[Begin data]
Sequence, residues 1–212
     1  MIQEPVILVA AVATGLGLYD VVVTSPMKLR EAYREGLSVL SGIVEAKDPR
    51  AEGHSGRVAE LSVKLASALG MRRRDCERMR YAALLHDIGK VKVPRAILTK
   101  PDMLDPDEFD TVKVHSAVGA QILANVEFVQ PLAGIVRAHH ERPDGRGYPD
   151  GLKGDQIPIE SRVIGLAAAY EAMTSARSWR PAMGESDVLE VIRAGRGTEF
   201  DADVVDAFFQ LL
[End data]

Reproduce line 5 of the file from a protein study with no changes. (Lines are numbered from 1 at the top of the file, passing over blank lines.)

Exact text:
   151  GLKGDQIPIE SRVIGLAAAY EAMTSARSWR PAMGESDVLE VIRAGRGTEF